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What do the Lviv fountains of Rynok Square hide?

Small and cozy Lviv Rynok Square, walking on it you feel at home in this city, you do not feel the pressure of houses, you do not notice the hustle and bustle around, just fine… Let’s talk here about sculptures, allegorical figures who have been watching the constant variability of fashion, people and Lviv institutions on Rynok Square.

Despite the fact that the central part of the city is practically on the water, and Lviv experts call “little Venice” (in the XV century. On the modern Rynok Square there was a pond, and under part of Svobody Avenue and other central streets flows the river Poltva), 600 years ago, the city had problems with water supply. As early as 1407, there is the first mention of a water supply system, through which water from springs from outside the city came to the locals.

The townspeople faced the question of building a water supply system, which was a difficult and expensive task at that time. Then in the eastern part of the square they made a water distribution point “Meluzina” – so named, from a huge bronze statue that decorated this point. Water mains converged on the Meluzina, and from there water was supplied to houses through wooden pipes. By the end of the XVIII century. there were already 16 water mains. This was the first water supply in the city.

But the reservoir could be used not by everyone, but only by those who had the financial capacity to lay water to their own home. Such houses in the second half of the eighteenth century. there were only 86. Thus, the majority of the city’s population consumed water from local wells, which often caused epidemics.

At the end of the 17th century, in 1697, another reservoir (or well) was built on the south-western corner of the square, called Neptune, from a wooden statue of the god of the seas, which decorated it.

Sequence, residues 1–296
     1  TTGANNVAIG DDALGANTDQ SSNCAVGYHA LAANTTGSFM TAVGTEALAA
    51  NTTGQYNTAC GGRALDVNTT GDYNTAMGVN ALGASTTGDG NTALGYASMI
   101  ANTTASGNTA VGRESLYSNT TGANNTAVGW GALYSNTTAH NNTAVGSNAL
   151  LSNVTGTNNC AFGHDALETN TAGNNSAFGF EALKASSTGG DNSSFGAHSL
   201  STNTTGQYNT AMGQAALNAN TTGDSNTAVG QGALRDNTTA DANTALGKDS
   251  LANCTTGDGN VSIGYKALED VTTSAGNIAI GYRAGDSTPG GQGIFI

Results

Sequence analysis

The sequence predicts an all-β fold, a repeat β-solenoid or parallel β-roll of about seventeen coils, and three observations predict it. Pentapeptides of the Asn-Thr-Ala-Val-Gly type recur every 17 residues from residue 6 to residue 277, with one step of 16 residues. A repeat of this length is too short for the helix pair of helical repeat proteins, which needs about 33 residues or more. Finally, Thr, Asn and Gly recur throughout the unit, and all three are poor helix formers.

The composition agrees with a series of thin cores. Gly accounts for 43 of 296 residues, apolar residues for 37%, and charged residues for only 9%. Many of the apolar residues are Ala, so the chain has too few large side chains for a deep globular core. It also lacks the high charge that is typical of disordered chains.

Fountain “Neptune”, at the feet of the statue is a dolphin. 1939 Modern view of the sculpture on the fountain “Neptune”

The third reservoir was built in 1744 on the south-eastern corner of the square, known today as the “Diana” fountain.

Diana Fountain is located in the south-eastern corner of Rynok Square. Early twentieth century. Modern look of the sculpture on the fountain “Diana”

The modern look of the sculptures has adorned Rynok Square for more than two hundred years, and their author is the Lviv architect of Austrian origin Hartmann Witwer (1774-1825). It is believed that these sculptures are the best works of the artist.

In 1810-1814, four fountains were built on the Market Square – one on each corner of the square in the style of classicism. During the construction of two of them (now – “Neptune” and “Diana”) used the already mentioned reservoirs.

Undoubtedly, everyone who passed by the fountains at least once wondered: why were the ancient gods chosen? According to the author’s plans, they embodied the allegories of the Earth. Probably set before the celebrations at the Market on the occasion of the return of Emperor Franz I to Vienna.

 

Each fountain has an octagonal bowl, which stands on the pavement – in the center of the star, lined with red and black stone. In the center of the bowl – a statue of a character of ancient mythology:  the water god Neptune , at whose feet is a dolphin,  his wife Amphitrite  also with a dolphin (goddess of the seas),  goddess of hunting, wildlife and femininity Diana  with two dogs and among these immortals – the  hero Adonis  with a dog and the boar killed by him (the ancient god is associated with the periodic death and rebirth of nature).

Amphitrite Fountain, located on the northwest corner of Rynok Square, 1930s. Modern view of the sculpture on the Amphitrite Fountain

Adonis Fountain, located in the northeast corner of the square, 1920s. Modern look of the sculpture on the Adonis fountain.